They are also increasing in severity. In 2018 there were significant mistakes in France, Germany, Italy, Japan and the USA. Largely they were relatively minor mistakes or misjudgments with huge consequences. In 2019 Vettel has fouled up in Bahrain, Canada, Great Britain and now in Italy. Only Canada can be classed as a small mistake with big consequences.
In Bahrain he spun on the exit of turn four after Hamilton had just overtaken him. Poor. At Silverstone he severely misjudged his braking when dueling with Max Verstappen, slamming into the back of the Red Bull. Not good. In Italy, the combination of an unpressured spin and rejoining the track in a massively unsafe way are the worst of the lot.
His poor form is not limited to mistakes. His overall effectiveness is also on the slide. After his four consecutive world titles for Red Bull from 2010-2013 he experienced a chastening season when Daniel Ricciardo replaced Mark Webber alongside him. Vettel went through the season winless as Ricciardo took three victories and third in the championship, 71 points ahead.
Vettel moved to Ferrari the following year with Raikkonen as team-mate. Every season they were together he comfortably outscored the Finn. In four seasons, Vettel took 13 wins to Raikkonen's one. Some of the margin was down to Vettel being the clear number one driver and team leader but he was still the quicker and better driver for four seasons. Now the tables have turned.
It is no secret that Ferrari prefer to have a clear 1-2 structure with their drivers. Look at the strange decision they took early this season, when they fell over themselves to maximise Vettel's points. But in 2019 Leclerc has now become the de facto leader after just 14 races. His star is on the rise whilst Vettel's seems to be in danger of collapsing in on itself. He has failed to cope with the arrival of a super talented youngster in the sister car.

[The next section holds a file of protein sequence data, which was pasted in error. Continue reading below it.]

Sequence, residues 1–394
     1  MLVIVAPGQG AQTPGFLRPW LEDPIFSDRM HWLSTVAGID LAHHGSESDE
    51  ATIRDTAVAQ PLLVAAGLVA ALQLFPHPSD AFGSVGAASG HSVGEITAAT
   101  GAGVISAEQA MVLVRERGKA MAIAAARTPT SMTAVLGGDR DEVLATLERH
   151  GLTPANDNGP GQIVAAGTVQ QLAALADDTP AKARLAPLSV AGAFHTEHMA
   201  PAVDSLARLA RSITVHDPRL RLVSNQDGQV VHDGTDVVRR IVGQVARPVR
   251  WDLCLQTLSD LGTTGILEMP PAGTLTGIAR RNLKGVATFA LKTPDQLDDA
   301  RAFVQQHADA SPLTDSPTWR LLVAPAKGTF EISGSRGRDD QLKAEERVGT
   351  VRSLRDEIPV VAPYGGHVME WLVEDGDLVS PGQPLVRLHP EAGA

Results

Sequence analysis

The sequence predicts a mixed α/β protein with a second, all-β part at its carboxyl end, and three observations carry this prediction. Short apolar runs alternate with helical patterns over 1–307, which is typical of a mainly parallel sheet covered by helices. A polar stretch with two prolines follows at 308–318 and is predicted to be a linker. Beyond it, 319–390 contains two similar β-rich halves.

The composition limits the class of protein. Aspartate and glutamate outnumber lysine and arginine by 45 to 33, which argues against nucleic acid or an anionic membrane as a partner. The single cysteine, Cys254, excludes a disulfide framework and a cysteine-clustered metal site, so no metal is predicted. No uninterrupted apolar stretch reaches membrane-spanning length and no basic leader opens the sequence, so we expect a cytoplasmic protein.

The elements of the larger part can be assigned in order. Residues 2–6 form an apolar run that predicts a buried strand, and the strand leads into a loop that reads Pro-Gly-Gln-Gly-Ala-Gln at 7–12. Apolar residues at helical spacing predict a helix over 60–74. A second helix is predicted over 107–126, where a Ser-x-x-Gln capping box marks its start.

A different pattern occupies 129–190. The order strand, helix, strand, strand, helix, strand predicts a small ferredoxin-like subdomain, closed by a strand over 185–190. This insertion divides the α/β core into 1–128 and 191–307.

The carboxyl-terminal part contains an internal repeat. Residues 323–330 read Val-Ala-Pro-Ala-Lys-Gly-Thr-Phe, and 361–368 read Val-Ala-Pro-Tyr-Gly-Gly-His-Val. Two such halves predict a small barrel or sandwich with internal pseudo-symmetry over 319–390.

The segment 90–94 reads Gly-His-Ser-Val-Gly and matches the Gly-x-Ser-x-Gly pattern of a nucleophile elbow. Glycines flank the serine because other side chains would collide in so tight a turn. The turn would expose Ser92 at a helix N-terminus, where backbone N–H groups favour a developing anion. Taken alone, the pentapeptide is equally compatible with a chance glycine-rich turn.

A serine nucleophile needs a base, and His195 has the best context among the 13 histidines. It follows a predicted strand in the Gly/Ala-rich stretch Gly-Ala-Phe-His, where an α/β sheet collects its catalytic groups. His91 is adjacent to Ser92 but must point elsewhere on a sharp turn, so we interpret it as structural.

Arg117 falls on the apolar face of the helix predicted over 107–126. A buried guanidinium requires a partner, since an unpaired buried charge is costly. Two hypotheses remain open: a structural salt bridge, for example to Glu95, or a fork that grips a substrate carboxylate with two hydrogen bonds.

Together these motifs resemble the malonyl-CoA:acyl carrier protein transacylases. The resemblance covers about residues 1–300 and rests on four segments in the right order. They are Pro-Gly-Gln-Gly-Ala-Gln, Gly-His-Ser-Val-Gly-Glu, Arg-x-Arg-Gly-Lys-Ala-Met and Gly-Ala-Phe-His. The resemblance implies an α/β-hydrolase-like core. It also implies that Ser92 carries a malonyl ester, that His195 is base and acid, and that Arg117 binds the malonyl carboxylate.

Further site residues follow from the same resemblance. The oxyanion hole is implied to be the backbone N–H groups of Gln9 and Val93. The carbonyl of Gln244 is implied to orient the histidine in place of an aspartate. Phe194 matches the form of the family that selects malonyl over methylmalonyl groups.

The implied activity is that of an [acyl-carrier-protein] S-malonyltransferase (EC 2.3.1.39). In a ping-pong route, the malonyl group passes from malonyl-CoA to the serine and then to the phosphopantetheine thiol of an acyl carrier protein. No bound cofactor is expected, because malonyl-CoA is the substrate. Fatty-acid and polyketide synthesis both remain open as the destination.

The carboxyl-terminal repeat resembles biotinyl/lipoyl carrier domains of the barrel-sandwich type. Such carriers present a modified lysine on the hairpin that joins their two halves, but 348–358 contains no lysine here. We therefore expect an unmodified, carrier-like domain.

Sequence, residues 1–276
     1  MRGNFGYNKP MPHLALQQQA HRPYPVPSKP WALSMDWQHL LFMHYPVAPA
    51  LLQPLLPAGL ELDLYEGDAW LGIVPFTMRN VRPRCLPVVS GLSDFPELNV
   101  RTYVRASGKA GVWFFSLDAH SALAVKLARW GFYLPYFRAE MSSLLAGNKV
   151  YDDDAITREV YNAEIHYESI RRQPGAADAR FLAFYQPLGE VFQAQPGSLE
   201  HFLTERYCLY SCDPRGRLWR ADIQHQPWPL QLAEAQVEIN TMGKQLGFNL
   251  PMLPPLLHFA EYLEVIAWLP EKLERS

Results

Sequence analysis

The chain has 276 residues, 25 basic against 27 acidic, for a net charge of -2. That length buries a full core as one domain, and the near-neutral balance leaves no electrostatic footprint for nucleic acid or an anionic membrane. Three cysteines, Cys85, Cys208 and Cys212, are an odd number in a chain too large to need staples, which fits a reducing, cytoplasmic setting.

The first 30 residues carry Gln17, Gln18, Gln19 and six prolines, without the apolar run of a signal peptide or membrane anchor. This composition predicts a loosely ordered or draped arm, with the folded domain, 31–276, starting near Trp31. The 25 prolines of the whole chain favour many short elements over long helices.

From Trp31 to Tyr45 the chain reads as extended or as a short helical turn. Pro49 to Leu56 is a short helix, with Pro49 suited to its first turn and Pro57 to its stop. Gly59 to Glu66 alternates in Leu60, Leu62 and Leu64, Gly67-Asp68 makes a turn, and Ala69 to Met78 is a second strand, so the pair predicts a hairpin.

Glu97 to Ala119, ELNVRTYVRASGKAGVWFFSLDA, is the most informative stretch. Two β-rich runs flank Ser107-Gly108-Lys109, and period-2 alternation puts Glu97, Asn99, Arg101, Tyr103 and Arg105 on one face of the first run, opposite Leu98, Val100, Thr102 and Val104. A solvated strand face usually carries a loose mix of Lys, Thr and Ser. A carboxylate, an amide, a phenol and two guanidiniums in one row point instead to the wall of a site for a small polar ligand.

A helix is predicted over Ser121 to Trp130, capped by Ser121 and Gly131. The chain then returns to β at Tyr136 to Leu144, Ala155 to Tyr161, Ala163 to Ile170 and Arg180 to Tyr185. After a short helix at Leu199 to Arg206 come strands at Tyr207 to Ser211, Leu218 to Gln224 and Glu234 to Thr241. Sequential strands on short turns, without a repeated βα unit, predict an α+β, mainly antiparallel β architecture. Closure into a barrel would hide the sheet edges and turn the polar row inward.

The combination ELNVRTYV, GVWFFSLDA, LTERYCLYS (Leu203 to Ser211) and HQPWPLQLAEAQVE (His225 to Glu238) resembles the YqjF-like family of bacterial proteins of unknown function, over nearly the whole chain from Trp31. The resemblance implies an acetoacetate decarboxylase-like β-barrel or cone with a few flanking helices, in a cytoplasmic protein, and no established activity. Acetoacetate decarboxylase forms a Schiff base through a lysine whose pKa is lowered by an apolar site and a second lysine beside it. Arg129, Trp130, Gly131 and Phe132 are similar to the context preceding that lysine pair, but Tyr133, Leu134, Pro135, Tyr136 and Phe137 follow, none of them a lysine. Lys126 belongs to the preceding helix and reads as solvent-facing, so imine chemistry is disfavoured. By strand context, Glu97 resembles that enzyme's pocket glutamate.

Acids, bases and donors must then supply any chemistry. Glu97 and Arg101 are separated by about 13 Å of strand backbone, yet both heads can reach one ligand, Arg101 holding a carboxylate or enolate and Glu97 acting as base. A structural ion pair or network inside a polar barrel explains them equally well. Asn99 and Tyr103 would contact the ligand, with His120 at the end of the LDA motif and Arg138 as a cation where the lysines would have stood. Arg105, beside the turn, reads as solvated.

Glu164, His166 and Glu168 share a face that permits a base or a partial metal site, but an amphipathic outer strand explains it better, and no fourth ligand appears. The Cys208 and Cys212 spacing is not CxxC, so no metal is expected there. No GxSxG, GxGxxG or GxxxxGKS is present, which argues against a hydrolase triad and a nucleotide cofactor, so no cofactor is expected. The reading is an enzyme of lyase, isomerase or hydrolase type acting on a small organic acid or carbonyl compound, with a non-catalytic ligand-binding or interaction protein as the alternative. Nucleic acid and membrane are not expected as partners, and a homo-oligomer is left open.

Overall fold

Is there any danger of Vettel not being at Ferrari for 2020? He appears to be contracted until then and it is not a clear decision as to whether he should stay or go. Who would they replace him with? Hulkenberg? Alonso? Vettel has still enjoyed some decent weekends in 2019; he should have won from pole in Canada and was the better of the two Ferrari drivers in Monaco and Hungary.
But since that meltdown in Canada he has been out-driven and out-classed by Leclerc. In the seven rounds since he has scored 69 points to his team-mate's 113. Barring a near-miraculous turnaround, it is hard to see Vettel at Ferrari beyond 2020 and if he continues at Ferrari next year only to be beaten you would have to question his motivation to continue in the sport at all.
Perhaps leaving the Italian team at the end of this year would be the best thing for him, whether for another outfit or not. But anywhere he could possibly go to would be a step down. Is it worth it? It has worked for Kimi Raikkonen at Alfa Romeo.
Vettel's work at Ferrari looks done and it seems like a reset is needed. The break between last season and this clearly wasn't enough. The mistakes have intensified and now he faces the prospect of no longer being The Chosen One at Ferrari.
Nothing should be taken away from the driver he once was, but Vettel is at the lowest point of a career that looks to have entered a deadly spiral. Only time will tell if he has the skill or the will to escape it.